I am a toddler.

You know how when you are eating with a toddler, and you just kind of take their plate, cut up their food, and hand it back without comment? Maybe you don’t even break your conversation with the rest of the table. It’s just habit, part of the meal process when a three year old is present. (I have no idea at what age children start cutting their own food, but I assume you get the point.) Anyways, that’s what my life is like here sometimes.

The shiny new gloss has worn off, and I am more of a fixture in day to day activities. We have established some habits and routines, and can go about them pretty smoothly. However, there are still MANY things I cannot do. There is no point in asking me if I need help, because I cannot understand the questions anyways. So, often times, people simply help me. They do the thing that I cannot do, and cannot ask for help in doing.

In church, I cannot read the scripture, because I do not know the names of the books of the Bible in Korean. Someone will take my Korean-English Bible and flip to the correct page then silently hand it back. At the welfare center, a lady will come up behind me, Velcro the back of my apron where I cannot reach it, then walk away without comment. Sometimes I don’t even know who did it. If I need to move out of the way or follow someone, they will simply grab my arm or move my body where it needs to be.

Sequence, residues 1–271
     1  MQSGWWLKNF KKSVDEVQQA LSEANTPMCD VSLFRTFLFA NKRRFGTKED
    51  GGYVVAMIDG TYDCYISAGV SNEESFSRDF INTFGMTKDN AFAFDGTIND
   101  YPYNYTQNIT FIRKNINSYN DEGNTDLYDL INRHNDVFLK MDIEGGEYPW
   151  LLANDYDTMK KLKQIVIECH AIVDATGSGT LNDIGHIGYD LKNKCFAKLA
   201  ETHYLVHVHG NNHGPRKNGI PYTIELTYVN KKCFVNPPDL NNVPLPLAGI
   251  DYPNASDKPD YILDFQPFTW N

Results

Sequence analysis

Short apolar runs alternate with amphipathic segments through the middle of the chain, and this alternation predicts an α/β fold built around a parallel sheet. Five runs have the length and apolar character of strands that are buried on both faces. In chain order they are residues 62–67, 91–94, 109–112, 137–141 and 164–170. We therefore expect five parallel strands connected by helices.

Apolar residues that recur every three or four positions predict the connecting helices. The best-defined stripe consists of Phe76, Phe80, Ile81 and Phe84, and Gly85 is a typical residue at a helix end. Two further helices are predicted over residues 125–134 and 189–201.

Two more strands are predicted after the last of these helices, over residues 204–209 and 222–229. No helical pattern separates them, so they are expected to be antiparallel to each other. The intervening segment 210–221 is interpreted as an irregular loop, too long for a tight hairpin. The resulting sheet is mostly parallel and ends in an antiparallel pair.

Serving lunch at the Welfare Center. Everyday we serve around 100 elderly people from the community.

Small generous compassionate acts of service like this happen every day. Yet I find myself feeling frustrated. I want to explain that, under normal circumstances, I am a competent and capable human being. I constantly want to explain my thought process, defend my miscommunications, and overall be independent when I cannot. Maybe that’s the biggest takeaway from this journey so far. I am not in control of the narrative, and I must live with however people think of me.

I must also not assume other people’s thoughts and motives. Part of the YAV program is “Embracing the Ambiguity.” At first, I thought this meant not having a set schedule, not being told where you’re going when you get in a car, not understanding instructions, etc. And it does mean those things. But more importantly, it means embracing the ambiguity in interpersonal relationships. Being open and engaging. TRYING. Allowing your actions to speak for themselves and trusting that other people have good intentions behind their actions as well. So, I might feel like a toddler some days, but I have to trust that the people around me are trying their best, and that they know I am too.

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